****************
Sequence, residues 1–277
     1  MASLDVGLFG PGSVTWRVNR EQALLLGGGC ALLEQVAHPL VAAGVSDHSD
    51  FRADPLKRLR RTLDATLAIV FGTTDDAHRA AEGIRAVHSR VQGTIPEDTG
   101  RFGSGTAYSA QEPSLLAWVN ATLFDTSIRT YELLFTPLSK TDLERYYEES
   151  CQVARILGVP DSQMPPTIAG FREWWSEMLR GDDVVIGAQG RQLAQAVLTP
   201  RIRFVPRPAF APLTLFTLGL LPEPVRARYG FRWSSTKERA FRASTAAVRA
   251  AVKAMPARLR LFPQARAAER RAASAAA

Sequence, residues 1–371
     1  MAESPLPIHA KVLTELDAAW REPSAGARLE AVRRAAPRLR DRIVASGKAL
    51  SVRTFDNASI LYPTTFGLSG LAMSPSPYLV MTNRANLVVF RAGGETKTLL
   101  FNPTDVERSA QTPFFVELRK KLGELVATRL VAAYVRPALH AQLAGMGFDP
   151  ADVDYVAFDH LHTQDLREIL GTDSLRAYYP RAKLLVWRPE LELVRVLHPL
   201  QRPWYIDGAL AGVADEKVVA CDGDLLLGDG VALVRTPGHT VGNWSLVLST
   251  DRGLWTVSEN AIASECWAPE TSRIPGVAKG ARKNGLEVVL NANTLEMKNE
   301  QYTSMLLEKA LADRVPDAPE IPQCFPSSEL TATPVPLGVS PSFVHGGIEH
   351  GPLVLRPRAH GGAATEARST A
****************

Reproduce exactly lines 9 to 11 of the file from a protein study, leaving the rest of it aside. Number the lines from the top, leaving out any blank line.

     1  MAESPLPIHA KVLTELDAAW REPSAGARLE AVRRAAPRLR DRIVASGKAL
    51  SVRTFDNASI LYPTTFGLSG LAMSPSPYLV MTNRANLVVF RAGGETKTLL
   101  FNPTDVERSA QTPFFVELRK KLGELVATRL VAAYVRPALH AQLAGMGFDP